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The Meta Taylor Rule

  • Kevin Lee, James Morley and Kalvinder Sheields

This paper provides a characterisation of U.S. monetary policy within a generalized Taylor rule framework that accommodates uncertainties about the duration of policy regimes and the specification of the rule, in addition to the standard parameter and stochastic uncertainties inherent in traditional Taylor rule analysis. Our approach involves estimation and inference based on Taylor rules obtained through standard linear regression methods, but combined using Bayesian model averaging techniques. Employing data that were available in real time, the estimated version of the ‘meta’ Taylor rule provides a flexible but compelling characterisation of monetary policy in the United States over the last forty years.

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Paper provided by The University of Melbourne in its series Department of Economics - Working Papers Series with number 1131.

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Length: 31 pages
Date of creation: 2011
Date of revision:
Handle: RePEc:mlb:wpaper:1131
Contact details of provider: Postal:
Department of Economics, The University of Melbourne, 4th Floor, FBE Building, Level 4, 111 Barry Street. Victoria, 3010, Australia

Phone: +61 3 8344 5355
Fax: +61 3 8344 6899
Web page: http://fbe.unimelb.edu.au/economics
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  1. Schwartz, Anna J., 2003. "Comment on: Historical monetary policy analysis and the Taylor rule," Journal of Monetary Economics, Elsevier, vol. 50(5), pages 1023-1027, July.
  2. Clarida, R. & Gali, J. & Gertler, M., 1998. "Monetary Policy Rules and Macroeconomic Stability: Evidence and some Theory," Working Papers 98-01, C.V. Starr Center for Applied Economics, New York University.
  3. David E. Lindsey & Athanasios Orphanides & Robert H. Rasche, 2005. "The reform of October 1979: how it happened and why," Review, Federal Reserve Bank of St. Louis, issue Mar, pages 187-236.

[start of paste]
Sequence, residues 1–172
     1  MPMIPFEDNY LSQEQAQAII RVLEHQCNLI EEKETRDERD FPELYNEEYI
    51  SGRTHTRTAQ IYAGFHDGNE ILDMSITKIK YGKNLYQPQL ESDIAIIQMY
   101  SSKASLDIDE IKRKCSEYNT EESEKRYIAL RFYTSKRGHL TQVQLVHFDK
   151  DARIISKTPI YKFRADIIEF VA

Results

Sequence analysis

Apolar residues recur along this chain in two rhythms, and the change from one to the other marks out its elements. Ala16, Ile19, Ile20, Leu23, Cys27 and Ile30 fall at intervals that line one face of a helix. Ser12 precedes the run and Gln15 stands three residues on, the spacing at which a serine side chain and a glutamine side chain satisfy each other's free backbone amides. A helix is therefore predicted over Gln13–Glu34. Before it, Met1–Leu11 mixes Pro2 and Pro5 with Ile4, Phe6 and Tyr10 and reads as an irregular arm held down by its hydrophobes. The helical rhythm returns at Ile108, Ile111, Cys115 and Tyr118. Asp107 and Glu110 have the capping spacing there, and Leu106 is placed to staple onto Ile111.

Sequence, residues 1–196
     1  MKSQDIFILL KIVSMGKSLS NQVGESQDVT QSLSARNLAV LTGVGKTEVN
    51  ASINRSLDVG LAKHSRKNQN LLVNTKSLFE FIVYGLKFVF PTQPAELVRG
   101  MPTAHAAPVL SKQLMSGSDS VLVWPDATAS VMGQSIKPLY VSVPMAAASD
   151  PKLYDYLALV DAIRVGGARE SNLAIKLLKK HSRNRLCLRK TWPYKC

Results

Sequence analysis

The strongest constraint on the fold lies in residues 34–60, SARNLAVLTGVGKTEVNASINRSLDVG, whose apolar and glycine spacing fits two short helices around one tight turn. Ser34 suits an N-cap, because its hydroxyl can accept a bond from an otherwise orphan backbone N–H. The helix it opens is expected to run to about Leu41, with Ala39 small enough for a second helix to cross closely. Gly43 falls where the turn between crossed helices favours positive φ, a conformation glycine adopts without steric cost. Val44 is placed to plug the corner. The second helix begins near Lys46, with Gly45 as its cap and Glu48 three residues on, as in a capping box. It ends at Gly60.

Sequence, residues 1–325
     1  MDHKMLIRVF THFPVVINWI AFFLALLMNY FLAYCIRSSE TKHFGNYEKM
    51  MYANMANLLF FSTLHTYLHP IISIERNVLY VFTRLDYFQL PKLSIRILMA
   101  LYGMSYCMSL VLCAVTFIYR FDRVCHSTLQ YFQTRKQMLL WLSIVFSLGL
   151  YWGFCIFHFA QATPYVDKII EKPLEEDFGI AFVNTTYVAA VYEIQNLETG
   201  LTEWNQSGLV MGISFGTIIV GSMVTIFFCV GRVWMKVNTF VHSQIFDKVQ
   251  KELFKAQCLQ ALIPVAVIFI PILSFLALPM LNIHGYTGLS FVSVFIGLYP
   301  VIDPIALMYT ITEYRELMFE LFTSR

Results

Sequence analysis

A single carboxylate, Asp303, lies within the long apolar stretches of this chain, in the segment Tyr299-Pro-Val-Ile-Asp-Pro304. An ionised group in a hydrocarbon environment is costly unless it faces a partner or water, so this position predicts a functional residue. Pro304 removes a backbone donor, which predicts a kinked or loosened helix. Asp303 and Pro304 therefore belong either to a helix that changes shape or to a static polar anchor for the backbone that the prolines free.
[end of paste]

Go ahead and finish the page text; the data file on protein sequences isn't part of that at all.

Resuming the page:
4. Garrat, A. & Lee, K. & Pesaran, M.H. & Shin, Y., 2000. "Forecast Uncertainties in Macroeconometric Modelling: An Application to the UK Economy," Cambridge Working Papers in Economics 0004, Faculty of Economics, University of Cambridge.
  5. Lee, Kevin C & Pesaran, M Hashem & Pierse, Richard G, 1990. "Testing for Aggregation Bias in Linear Models," Economic Journal, Royal Economic Society, vol. 100(400), pages 137-50, Supplemen.
  6. Athanasios Orphanides & Richard D. Porter & David L. Reifschneider & Robert J. Tetlow & Frederico Finan, 1999. "Errors in the measurement of the output gap and the design of monetary policy," Finance and Economics Discussion Series 1999-45, Board of Governors of the Federal Reserve System (U.S.).
  7. Christina D. Romer & David H. Romer, 2004. "Choosing the Federal Reserve Chair: Lessons from History," Journal of Economic Perspectives, American Economic Association, vol. 18(1), pages 129-162, Winter.
  8. Boivin, Jean, 2006. "Has U.S. Monetary Policy Changed? Evidence from Drifting Coefficients and Real-Time Data," Journal of Money, Credit and Banking, Blackwell Publishing, vol. 38(5), pages 1149-1173, August.
  9. Anthony Garratt & Kevin Lee & Emi Mise & Kalvinder Shields, 2008. "Real-Time Representations of the Output Gap," The Review of Economics and Statistics, MIT Press, vol. 90(4), pages 792-804, November.
  10. Athanasios Orphanides, 2003. "Historical monetary policy analysis and the Taylor rule," Finance and Economics Discussion Series 2003-36, Board of Governors of the Federal Reserve System (U.S.).
  11. Graham Elliott & Allan Timmermann, 2008. "Economic Forecasting," Journal of Economic Literature, American Economic Association, vol. 46(1), pages 3-56, March.
  12. Sharon Kozicki, 1999. "How useful are Taylor rules for monetary policy?," Economic Review, Federal Reserve Bank of Kansas City, issue Q II, pages 5-33.
  13. Athanasios Orphanides, 1998. "Monetary policy rules based on real-time data," Finance and Economics Discussion Series 1998-03, Board of Governors of the Federal Reserve System (U.S.).
  14. Lee, Kevin & Olekalns, Nils & Shields, Kalvinder K, 2009. "Nowcasting, Business Cycle Dating and the Interpretation of New Information when Real-Time Data are Available," CEPR Discussion Papers 7426, C.E.P.R. Discussion Papers.
  15. Cinzia Alcidi & Alessandro Flamini & Andrea Fracasso, 2011. "Policy Regime Changes, Judgment and Taylor rules in the Greenspan Era," Economica, London School of Economics and Political Science, vol. 78(309), pages 89-107, January.
  16. Garratt, Anthony & Lee, Kevin & Mise, Emi & Shields, Kalvinder, 2009. "Real time representation of the UK output gap in the presence of model uncertainty," International Journal of Forecasting, Elsevier, vol. 25(1), pages 81-102.
  17. Michael Woodford, 2001. "The Taylor Rule and Optimal Monetary Policy," American Economic Review, American Economic Association, vol. 91(2), pages 232-237, May.
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